“The experience of regency is one of learning and self-giving. Through regency, we share the daily life of the people we accompany. In short, we share their joys and sorrows.”
This closeness to people is something that Hendzel has experienced as well: “Whether meeting with people on retreat or individually for ongoing spiritual accompaniment, I have always found it a great blessing to accompany them and share their desire to grow in an ever-deeper relationship with God. I have been continually surprised to discover the ways in which God is uniquely present in the lives of so many people, young and old, from all walks of life.”
Young regents with youth
Teaching is the most well-known Jesuit regency experience, although it is somewhat less so in Canada, according to Fr. Mongeau. Here, too, though less apparent at first glance, the regent discovers an experience of real accompaniment of marginalized people, of those who experience poverty, either economic or otherwise. Stacey explains: “I loved the energy when I worked in a school. There is so much to do and so much life. High-fiving students in the hallways, cracking jokes in class, it all created a fun, positive, and joyful environment. But there was also time for deep discussions. I remember one day when a student came to me to talk about relationship issues he was facing. I appreciated the fact that he felt safe enough to talk to me about such a personal topic. And I was happy to offer him whatever hope or encouragement I could.”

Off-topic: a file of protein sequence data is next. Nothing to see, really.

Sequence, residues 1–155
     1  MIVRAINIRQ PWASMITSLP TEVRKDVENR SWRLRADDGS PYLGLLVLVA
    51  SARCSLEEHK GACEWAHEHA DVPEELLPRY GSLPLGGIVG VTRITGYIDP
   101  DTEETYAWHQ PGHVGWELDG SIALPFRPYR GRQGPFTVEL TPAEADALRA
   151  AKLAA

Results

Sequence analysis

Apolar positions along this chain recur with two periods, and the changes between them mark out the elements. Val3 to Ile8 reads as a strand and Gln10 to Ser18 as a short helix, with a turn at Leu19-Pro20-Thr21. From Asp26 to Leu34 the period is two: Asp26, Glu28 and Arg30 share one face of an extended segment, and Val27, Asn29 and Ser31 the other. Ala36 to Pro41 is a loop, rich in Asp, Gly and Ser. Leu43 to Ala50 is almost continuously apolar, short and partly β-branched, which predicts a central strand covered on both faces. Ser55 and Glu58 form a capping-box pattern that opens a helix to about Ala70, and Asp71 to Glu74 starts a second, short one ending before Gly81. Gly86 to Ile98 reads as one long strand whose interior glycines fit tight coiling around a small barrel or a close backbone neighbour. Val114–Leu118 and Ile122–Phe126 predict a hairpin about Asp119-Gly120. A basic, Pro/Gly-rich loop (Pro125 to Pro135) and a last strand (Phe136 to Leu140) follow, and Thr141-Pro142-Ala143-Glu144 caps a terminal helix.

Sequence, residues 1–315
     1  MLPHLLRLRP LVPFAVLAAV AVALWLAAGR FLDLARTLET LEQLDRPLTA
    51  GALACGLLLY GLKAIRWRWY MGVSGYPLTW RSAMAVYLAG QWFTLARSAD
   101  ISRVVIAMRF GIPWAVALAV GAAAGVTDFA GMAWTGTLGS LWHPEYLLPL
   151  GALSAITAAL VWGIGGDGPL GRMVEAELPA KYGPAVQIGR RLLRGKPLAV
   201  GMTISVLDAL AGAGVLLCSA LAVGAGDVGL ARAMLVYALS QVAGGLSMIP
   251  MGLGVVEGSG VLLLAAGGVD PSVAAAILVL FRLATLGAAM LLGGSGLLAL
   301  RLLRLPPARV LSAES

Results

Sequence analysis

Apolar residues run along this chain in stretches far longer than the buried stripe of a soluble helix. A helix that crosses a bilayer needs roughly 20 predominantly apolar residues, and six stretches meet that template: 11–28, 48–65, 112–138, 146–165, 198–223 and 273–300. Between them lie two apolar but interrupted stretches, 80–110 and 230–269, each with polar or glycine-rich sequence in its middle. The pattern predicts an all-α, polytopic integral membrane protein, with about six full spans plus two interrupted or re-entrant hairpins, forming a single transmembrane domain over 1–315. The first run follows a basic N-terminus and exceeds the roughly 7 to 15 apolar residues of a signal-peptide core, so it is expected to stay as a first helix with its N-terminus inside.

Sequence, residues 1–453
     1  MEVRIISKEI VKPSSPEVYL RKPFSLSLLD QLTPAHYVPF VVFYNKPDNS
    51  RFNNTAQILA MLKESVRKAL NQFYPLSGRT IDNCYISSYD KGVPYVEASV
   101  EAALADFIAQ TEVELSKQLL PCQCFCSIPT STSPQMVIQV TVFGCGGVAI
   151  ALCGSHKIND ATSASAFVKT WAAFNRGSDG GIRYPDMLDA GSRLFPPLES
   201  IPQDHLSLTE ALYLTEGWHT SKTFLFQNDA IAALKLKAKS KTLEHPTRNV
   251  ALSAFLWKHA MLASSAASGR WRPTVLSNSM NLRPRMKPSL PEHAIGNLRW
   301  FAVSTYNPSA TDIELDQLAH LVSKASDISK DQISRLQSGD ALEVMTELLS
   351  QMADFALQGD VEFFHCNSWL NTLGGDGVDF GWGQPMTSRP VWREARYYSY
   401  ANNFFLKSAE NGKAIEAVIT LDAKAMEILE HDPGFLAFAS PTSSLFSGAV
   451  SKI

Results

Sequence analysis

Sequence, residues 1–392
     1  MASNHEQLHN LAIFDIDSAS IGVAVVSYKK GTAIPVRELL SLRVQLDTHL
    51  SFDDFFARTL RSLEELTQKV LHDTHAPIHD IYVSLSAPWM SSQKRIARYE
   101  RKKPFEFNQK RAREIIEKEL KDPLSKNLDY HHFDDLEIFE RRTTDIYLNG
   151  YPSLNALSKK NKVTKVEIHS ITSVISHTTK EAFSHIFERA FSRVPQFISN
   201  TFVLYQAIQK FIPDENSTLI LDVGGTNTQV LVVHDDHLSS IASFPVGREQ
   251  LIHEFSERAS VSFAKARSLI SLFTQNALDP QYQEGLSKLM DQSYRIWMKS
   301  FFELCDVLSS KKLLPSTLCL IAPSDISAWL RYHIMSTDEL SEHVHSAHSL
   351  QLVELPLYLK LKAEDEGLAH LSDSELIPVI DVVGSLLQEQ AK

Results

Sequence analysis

While the regency experience can be lived in various contexts of Ignatian works, many Jesuits have been able to accompany young people in creating a future filled with hope, which requires listening and “a profound interior conversion,” as noted by the Superior General of the Society of Jesus, Fr. Arturo Sosa, SJ.
Stacey experienced it in a high school, as did Guerrier in Haiti. Guerrier explains, “The regency experience has allowed me to journey constantly with young people and be transformed by their creativity, enthusiasm, and intense faith in a hope-filled future. As a result, I have come to realize that the practice of attentive listening is essential in working with young people. Instead of communicating ready-made formulas to them, it is important to pay attention to their stories, their struggles and challenges, and their desire to move forward on the journey of faith.”
“The regency experience has allowed me to journey constantly with young people and be transformed by their creativity, enthusiasm, and intense faith in a hope-filled future.”
In conclusion, this break from studies to live the Jesuit life to the fullest makes it possible to create bridges between theory and practice. “During my regency, the Ignatian principle of ‘good formation for better service’ became tangible,” Guerrier points out. Stacey adds that “after working in a school for regency, I feel closer to the worries, fears, concerns, and hopes of young people. The abstract learning I had done in the classroom has been brought down to earth, into the real lives of my students. But more than my studies and more than my abilities, I feel that it is my personal testimony that has reached the hearts of my students.” Thus, regency is, indeed, a laboratory of real life.